The Medical Issues Poll
January 10, 2017 – CARP members were polled on a variety of medical issues related to medications, benefit plans, family doctors, wait times, surgical procedures, physician caps and private health care. Here’s what we discovered:
Medications and Benefits Plans
The vast majority of CARP members polled (85.5%) currently take at least one medication. Over half (55%) take 3 or more medication. While most CARP members require medication, a significant percentage of our members (32.8%) do not have access to a health and dental benefit plan.
More than half of our members polled (50.3%) have not been vaccinated for shingle, however the vast majority (74.8%) have received the flu vaccination in 2016.
A small, but noticeable percentage of CARP members (9.1%) currently experience a medical condition that prevents them from participating in day to day activities, like cooking a meal, taking a bath or doing laundry.
Family Doctor and Wait Times
The vast majority of members polled (95.6%) currently have a family doctor, however a larger percentage than expected (4.4%) do not. Close to one third (29.5%) of CARP members attended a walk-in clinic within the past year.
When our members call for an urgent medical appointment, well over half (65.8%) are able to see their physician the same day or the next day. A noticeable number of our members polled (13%) are not able to see their physician for four days or more for an urgent medical appointment. This is troubling. Newfoundland and Quebec are the worse culprits for urgent medical issue wait times, with 42.9% and 35.3% of patients, respectively, waiting four days or more to see their physician. On the other hand, PEI topped the chart with no CARP member reporting a waiting time longer than 3 days.
When the issue is not urgent, over half of our members polled (55.4%) wait four days or longer for an appointment, with a small number (4.1%) seeing their physician on the same day they call.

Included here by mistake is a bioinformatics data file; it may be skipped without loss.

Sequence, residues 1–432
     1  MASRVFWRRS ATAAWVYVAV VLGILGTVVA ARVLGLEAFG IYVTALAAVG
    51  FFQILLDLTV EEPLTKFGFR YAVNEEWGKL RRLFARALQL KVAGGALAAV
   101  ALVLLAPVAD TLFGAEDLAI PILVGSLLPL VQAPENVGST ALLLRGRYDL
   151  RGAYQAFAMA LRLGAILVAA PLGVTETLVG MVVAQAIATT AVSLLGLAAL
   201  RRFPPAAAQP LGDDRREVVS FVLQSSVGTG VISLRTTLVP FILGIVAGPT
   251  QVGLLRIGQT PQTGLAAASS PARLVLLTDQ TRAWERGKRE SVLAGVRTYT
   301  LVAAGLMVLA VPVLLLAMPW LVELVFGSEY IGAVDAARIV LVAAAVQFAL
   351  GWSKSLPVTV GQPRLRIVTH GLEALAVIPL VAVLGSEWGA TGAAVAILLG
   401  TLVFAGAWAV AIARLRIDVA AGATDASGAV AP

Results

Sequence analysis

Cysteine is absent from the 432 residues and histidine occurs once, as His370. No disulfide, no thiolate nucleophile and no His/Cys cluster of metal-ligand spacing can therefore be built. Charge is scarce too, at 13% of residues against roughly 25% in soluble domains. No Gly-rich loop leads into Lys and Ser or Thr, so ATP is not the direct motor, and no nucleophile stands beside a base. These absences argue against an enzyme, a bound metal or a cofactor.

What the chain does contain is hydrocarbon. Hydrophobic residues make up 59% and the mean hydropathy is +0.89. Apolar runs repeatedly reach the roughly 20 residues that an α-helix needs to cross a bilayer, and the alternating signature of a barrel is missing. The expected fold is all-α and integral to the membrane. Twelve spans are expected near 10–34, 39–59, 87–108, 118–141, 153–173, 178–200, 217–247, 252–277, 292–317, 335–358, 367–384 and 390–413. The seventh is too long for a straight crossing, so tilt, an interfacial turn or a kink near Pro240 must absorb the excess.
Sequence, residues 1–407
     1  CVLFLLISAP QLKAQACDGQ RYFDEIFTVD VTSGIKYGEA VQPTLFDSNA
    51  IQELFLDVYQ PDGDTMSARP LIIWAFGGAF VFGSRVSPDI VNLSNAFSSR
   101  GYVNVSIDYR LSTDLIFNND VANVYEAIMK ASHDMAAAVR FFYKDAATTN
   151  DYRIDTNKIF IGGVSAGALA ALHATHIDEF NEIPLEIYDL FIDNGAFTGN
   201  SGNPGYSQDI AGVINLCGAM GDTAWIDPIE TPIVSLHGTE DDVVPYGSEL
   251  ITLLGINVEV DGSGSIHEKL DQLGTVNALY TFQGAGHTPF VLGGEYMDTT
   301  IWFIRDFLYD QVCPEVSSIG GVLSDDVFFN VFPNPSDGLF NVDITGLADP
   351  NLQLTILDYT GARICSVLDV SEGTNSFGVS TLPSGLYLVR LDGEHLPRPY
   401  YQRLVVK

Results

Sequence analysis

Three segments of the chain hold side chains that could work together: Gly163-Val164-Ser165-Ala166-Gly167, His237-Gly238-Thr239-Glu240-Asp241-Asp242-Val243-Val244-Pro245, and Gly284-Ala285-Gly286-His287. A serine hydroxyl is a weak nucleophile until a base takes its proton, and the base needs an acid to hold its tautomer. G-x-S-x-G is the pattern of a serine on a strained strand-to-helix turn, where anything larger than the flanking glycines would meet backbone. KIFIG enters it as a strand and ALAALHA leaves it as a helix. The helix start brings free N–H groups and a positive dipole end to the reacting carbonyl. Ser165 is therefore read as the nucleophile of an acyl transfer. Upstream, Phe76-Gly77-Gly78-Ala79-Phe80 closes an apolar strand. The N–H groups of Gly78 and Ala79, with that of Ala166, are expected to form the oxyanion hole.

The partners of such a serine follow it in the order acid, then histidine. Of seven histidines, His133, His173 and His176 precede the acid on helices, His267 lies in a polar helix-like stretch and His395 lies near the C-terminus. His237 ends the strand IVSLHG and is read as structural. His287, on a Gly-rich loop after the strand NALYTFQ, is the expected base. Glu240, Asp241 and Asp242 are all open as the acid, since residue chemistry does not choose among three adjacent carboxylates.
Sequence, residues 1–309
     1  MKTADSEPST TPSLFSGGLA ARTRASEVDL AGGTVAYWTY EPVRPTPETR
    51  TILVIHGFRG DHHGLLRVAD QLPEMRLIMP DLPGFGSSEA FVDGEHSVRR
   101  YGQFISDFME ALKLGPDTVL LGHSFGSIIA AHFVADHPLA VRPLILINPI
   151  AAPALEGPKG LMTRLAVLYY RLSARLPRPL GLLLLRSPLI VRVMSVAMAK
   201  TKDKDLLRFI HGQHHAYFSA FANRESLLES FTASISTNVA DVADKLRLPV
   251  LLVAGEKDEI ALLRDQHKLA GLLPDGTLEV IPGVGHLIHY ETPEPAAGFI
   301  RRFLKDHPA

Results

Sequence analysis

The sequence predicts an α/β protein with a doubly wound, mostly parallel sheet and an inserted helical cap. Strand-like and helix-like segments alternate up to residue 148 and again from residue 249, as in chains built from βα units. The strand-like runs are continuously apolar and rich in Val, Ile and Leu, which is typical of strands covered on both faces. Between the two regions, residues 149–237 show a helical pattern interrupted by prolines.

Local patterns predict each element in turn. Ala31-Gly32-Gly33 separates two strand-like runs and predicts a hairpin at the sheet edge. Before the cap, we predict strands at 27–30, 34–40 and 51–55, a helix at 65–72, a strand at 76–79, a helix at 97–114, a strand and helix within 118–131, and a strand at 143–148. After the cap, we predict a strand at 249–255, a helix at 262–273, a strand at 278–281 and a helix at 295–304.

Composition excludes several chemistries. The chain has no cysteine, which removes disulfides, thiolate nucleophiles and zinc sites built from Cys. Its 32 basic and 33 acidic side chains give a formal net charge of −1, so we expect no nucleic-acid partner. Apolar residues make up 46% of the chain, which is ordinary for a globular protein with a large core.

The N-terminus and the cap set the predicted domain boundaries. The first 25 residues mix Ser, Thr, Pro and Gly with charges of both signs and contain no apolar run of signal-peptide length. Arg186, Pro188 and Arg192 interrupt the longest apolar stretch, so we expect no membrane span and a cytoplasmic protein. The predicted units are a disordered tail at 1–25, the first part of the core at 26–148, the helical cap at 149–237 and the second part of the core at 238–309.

Physician Caps, Private Health Care and Surgical Procedure Waiting Times
Currently, some provinces cap the amount a physician can bill the provincial healthcare system in one year. The majority of CARP members (61.5%) support physician caps. When a physician has reached his or her cap, the vast majority of CARP members who are decided on the issue (83.8%) believe that physicians should not be permitted to bill Canadians privately.
Wait times for medical procedures prove problematic for Canadians. To decrease waiting times, more than half of our members polled (51%) said they would drive 50 km or more from their home and close to half (47.6%) said they would drive more than 100 km from their home to have the procedure done. The vast majority of our members (86.2%) would be willing to have the surgical procedure completed during irregular hours (between 8 pm and 7 am). Slightly more than one third (36%) would be prepared to co-pay to decrease waiting times.
A significant number of our members (39.7%) believe Canadians should be able to purchase diagnostic procedures (39.7%), surgical procedures for chronic conditions (34.9%), and surgical procedures for life threatening conditions (32.4%) privately to decrease wait times. Slightly more than one third of CARP members polled (36.6%) believe that Canadians should never be able to purchase medical procedures privately as that would undermine the universal healthcare system.
A significant majority of members (89.1%) would consider going to the United States for medical treatment, where less than half (41.9%) would consider going to countries other than the United States. When a Canadian goes to the United States for treatment, a clear majority of our members (70.1%) believe that the expenses should be tax deductible in Canada.
This poll was conducted by CARP online with 1,184 respondents across Canada from December 16, 2016 to January 7, 2017.